Top Quotes & Sayings by Frantz FanonShow picture quotes only
Frantz Omar Fanon (French pronunciation: [fʁɑ̃ts fanɔ̃]; 20 July 1925 – 6 December 1961) was a Martinique born Afro-Caribbean psychiatrist, philosopher, revolutionary, and writer whose works are influential in the fields of post-colonial studies, critical theory, and Marxism. As an intellectual, Fanon was a political radical, Pan-Africanist, and Marxist humanist concerned with the psychopathology of colonization, and the human, social, and cultural consequences of decolonization. Wikipedia
Sometimes people hold a core belief that is very strong. When they are presented with evidence that works against that belief, the new evidence cannot be accepted. It would create a feeling that is extremely uncomfortable, called cognitive dissonance. And because it is so important to protect the core belief, they will rationalize, ignore and even deny anything that doesn't fit in with the core belief.
And it is clear that in the colonial countries the peasants alone are revolutionary, for they have nothing to lose and everything to gain. The starving peasant, outside the class system is the first among the exploited to discover that only violence pays. For him there is no compromise, no possible coming to terms; colonization and decolonization a simply a question of relative strength.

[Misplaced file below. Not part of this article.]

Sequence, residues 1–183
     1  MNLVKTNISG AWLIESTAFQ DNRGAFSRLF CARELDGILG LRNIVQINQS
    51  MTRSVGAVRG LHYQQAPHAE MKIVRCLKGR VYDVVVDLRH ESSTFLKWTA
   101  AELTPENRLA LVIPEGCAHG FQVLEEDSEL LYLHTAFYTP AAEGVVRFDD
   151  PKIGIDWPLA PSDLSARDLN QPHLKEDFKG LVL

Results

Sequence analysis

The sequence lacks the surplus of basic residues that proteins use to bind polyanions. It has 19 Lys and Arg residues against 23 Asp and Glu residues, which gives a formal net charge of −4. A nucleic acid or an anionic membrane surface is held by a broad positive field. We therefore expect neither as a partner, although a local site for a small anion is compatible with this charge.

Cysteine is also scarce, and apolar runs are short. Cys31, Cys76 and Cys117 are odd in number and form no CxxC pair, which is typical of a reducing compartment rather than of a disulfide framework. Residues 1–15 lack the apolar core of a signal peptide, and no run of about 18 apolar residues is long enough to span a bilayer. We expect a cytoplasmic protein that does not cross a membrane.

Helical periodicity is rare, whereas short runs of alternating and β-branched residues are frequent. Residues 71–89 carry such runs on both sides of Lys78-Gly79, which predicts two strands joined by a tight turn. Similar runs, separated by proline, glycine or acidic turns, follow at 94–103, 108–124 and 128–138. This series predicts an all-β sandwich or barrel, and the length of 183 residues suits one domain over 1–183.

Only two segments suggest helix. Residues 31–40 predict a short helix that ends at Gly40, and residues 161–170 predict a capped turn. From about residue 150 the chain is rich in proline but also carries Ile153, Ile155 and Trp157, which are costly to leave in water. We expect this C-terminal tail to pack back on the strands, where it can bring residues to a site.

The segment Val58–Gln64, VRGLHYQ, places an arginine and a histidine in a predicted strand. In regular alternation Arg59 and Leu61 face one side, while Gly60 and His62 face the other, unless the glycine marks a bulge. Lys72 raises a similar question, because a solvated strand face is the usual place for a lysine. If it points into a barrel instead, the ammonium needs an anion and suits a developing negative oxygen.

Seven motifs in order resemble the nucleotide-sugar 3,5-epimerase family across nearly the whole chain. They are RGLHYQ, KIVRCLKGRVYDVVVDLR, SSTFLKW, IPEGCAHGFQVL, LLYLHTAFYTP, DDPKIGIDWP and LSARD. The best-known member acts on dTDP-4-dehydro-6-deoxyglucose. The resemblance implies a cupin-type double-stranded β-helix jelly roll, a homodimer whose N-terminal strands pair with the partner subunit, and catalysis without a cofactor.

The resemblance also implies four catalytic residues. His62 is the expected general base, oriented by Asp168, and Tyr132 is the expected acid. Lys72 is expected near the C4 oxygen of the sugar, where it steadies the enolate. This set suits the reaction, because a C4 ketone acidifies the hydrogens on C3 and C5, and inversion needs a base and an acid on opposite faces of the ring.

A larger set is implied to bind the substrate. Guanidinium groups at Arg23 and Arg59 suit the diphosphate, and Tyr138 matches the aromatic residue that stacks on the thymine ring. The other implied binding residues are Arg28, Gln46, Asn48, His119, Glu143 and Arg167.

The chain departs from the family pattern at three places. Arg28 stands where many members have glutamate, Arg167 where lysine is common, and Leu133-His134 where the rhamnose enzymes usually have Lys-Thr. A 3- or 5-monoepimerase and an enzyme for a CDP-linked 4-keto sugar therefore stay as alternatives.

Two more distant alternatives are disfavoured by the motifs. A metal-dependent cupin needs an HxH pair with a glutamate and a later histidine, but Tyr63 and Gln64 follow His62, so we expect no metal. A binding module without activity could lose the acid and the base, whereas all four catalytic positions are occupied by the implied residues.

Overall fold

The basic confrontation which seemed to be colonialism versus anti-colonialism, indeed capitalism versus socialism, is already losing its importance. What matters today, the issue which blocks the horizon, is the need for a redistribution of wealth. Humanity will have to address this question, no matter how devastating the consequences may be.
In the colonial countries, on the contrary, the policeman and the soldier, by their immediate presence and their frequent and direct action maintain contact with the native and advise him by means of rifle butts and napalm not to budge. It is obvious here that the agents of government speak the language of pure force
Collective guilt is borne by what is conventionally called the scapegoat. Now the scapegoat for white society - which is based on myths of progress, civilization, liberalism, education, enlightenment, refinement - will be precisely the force that opposes the expansion and the triumph of these myths. This brutal opposing force is supplied by the Negro.
What I call middle-class society is any society that becomes rigidified in predetermined forms, forbidding all evolution, all gains, all progress, all discovery. I call middle-class a closed society in which life has no taste, in which the air is tainted, in which ideas and men are corrupt. And I think that a man who takes a stand against this death is in a sense a revolutionary.
Every colonized people-in other words, every people in whose soul an inferiority complex has been created by the death and burial of its local cultural originality-finds itself face to face with the language of the civilizing nation; that is, with the culture of the mother country. The colonized is elevated above his jungle status in proportion to his adoption of the mother country's cultural standards.
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